Saturday, May 17, 2008

nothing and everything

I had to repost the comment I left for Formosaneijia regarding his post on "traditional vs mixed" arts because it led me to an a-ha regarding the direction I am seeking:

I agree with the “third fork” that taijiquestion offers but in a different way.

The mixed MAs or “cherrypickers” as it were, if I may borrow from my basketball playing days, do pick and choose but I find they most often only pick and choose from another style that may be technically different but not necessarily different in terms of the energy. They are in essence picking the same things from different styles. I can’t explain it in any other way but that it “feels” the same. Even when I see hard stylists do taiji, few ever get the subtleness of the movement which even for a taiji practitioner takes years of practice and training. There is a lack of depth. And so they look like a hard stylist just faking on the surface tai ji movements. When we seek depth are we truly learning something “new”? not really, but we are seeing it in ways/directions/energies/styles that we didn’t see it before which make all the difference to that technique.

However, for the traditionalists, how far do we take “tradition”? When does it begin, what is this tradition and that is not tradition? Does the oldest thing win? I find traditionalists very arbitrary in what they deem tradition. And to retain tradition, can the next generation really do what the previous generation can do? Are there not subtle and even not so subtle differences in the technique and style based on what each new generation lays importance to? So even as traditionalists say that this is unchanged for X number of years, it truly has changed, in the same way English or any other language has changed.

So where is the universal language? I often think of learning martial arts as I learn languages. How fluent do I want to be? How does my base language block or enhance my ability to take on new languages? It’s one thing for me to take a couple of semesters of French to get by as I travel in Paris. And I find that my native English gives me some building blocks to learn French, but will I get the subtle nature of French humor. How do I get beyond the words and simple phrasing to really start to think in French? How long will it take for me to be able to switch easily into the different languages I know with ease and grace? What will it take for me to be able to do so?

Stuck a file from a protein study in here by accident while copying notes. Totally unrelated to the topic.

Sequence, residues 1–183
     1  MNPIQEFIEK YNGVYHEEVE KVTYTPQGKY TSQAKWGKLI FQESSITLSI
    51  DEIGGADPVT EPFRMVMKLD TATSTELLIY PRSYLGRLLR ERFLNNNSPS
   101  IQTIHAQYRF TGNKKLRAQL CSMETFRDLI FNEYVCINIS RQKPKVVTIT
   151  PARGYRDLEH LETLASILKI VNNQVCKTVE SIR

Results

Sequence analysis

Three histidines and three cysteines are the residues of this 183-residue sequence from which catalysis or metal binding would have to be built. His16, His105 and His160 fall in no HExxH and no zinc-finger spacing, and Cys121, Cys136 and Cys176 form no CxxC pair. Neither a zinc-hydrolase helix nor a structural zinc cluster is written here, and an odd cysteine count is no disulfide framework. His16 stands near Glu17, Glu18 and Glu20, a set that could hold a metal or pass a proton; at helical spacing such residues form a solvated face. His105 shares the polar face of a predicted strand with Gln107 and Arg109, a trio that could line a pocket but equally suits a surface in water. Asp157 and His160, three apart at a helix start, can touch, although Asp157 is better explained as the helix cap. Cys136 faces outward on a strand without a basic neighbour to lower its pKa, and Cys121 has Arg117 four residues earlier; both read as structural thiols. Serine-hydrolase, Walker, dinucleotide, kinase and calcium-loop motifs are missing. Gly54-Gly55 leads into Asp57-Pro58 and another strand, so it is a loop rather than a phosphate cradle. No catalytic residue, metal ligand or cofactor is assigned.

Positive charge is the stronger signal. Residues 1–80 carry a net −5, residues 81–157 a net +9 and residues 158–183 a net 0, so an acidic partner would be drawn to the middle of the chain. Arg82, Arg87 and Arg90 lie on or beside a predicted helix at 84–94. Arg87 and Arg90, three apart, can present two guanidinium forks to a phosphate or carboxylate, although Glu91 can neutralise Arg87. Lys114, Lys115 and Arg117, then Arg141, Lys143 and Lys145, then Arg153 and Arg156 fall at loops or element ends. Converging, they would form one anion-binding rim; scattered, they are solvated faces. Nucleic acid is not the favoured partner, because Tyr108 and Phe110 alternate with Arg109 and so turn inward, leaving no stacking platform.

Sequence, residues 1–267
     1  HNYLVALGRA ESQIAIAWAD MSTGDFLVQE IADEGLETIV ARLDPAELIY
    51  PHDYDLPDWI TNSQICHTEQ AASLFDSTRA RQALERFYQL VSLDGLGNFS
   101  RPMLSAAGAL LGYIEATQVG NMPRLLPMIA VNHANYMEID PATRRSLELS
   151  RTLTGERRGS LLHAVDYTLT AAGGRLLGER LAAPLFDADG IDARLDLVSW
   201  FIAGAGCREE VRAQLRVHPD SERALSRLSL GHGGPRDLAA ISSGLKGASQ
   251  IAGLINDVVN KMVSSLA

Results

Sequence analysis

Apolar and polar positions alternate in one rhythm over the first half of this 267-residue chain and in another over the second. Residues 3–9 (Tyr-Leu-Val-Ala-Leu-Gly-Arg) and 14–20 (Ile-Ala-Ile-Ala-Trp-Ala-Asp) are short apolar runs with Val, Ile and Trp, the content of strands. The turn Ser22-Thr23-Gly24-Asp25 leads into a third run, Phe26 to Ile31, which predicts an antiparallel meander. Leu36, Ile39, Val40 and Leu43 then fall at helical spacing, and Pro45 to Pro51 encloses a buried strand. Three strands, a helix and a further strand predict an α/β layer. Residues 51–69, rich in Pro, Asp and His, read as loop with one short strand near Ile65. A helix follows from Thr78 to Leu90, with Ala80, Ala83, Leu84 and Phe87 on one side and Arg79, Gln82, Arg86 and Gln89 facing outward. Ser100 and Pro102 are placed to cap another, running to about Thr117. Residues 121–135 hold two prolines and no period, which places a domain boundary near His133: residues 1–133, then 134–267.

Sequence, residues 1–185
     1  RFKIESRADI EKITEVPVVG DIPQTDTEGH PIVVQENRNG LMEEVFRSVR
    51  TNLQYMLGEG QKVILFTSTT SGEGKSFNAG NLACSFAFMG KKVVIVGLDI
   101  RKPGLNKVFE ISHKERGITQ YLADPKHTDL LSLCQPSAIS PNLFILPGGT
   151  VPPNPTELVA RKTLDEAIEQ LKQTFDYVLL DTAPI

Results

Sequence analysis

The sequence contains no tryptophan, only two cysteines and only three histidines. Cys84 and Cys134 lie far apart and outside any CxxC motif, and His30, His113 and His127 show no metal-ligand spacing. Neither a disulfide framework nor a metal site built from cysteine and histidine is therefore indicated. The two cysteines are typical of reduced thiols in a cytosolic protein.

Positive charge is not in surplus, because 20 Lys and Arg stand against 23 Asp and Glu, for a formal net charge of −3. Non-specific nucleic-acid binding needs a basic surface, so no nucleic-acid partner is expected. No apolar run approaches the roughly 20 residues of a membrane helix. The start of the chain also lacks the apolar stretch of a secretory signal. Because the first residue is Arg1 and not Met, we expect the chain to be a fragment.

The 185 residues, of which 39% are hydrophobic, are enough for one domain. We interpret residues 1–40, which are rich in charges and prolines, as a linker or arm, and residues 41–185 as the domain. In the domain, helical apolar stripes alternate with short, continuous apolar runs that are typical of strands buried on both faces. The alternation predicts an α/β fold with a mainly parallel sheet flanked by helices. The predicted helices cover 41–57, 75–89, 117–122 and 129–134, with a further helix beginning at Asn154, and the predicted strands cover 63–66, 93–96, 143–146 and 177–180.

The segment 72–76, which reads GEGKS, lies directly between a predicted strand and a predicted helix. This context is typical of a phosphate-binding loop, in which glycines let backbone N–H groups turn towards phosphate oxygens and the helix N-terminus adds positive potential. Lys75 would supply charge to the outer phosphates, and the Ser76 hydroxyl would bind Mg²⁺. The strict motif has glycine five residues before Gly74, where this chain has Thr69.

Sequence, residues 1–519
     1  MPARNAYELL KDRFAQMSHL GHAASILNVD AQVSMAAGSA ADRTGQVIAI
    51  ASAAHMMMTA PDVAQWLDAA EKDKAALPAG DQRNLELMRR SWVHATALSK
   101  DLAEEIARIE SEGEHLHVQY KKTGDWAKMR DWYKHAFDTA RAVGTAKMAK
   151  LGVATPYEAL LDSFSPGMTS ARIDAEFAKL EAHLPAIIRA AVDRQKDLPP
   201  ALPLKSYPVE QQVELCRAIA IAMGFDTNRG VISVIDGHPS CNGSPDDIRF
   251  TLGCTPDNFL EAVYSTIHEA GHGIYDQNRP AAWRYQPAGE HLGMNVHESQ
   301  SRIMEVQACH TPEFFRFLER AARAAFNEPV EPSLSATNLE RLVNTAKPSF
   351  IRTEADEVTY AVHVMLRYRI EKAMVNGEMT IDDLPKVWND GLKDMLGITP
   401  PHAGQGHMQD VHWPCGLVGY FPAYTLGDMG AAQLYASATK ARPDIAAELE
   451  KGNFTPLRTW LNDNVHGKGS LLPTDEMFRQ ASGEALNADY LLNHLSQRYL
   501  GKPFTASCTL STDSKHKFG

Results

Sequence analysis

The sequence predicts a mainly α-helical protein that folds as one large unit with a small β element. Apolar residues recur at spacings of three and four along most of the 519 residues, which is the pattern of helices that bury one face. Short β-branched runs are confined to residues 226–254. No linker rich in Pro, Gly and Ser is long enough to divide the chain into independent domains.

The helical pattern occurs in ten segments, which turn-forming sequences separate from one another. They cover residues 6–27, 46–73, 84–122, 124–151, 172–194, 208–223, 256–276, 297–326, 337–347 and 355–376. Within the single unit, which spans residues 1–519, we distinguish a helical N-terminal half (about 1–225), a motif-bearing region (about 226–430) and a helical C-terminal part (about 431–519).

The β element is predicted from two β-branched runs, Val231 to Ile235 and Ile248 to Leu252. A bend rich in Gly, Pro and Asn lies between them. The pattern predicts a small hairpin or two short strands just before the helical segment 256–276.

I can see the importance of tradition in order to help tap into the “new” discoveries, but tradition is not the “whole” thing in the same way for all the ancient fossils we have of dinosaurs we can still only guess at what they might have looked like and sounded like and we will never really know. I think traditionalists lack the understanding of why this tradition is relevant now and they understand less of why it was important then. It’s like holding history in a sieve, each step forward, a little bit more is lost through no fault of our own. And no matter how much we try to “record” it visually, we cannot yet capture the feeling.

Because of these “holes” it is important to look at other styles for clues to the gaps. The difficulty in this, is letting go of your previous thing. It is so hard for me to really let go of English even as I become more and more versed in other languages. English is where I return to when I am doubtful. So going back to the language analogy, are we really speaking French or are we speaking English with French words? This becomes most visible when going from English to a non-Romance language where the thought processes to create it are completely different.

I believe there is a medium in which one truly can become fluent enough to really mix languages. I knew a friend who spoke English, Chinese, and Spanish, and when she spoke with her father and sister, they mixed all three. When I asked her how she chose what words, she said it was instinctive and more often than not, she chose what would make the most efficient sentence. For a native english speaker, I found how they spoke enchantingly beautiful and could not fathom how their minds worked to create that beauty. But I do realize now that, I did envy her and in learning languages, that was the end goal for me. Not to simply learn enough to get by, not necessarily learn a language so I can read the deep linguistic versions, but to be able to go in and out and merge them with such fluidity.

This is what I think is the true third fork. Not the bag of tricks of mixers and not the traditionalists with their texts plus addendum. This is where I think the passageways of knowledge lie to really bridge between worlds so one becomes both nothing and everything.

It struck me that to break out of the ideas of either/or, to transcend dichotomy, it's not about what you are as opposed to what you can become. As what you are is a temporary thing, while what you can become is well the moment we are always stepping into. Not to say it's not important to know who we have been (ala "know history, know self"), but this is no longer the end point. I cannot live in the past, and actually I cannot live in the present or the future either. It seems that we always live in the transition and interplay of these three things. We live in all of these moments in every given moment whether we are conscious of it or not. I am nothing, yet I am everything. Life just got alot more interesting (again).

No comments: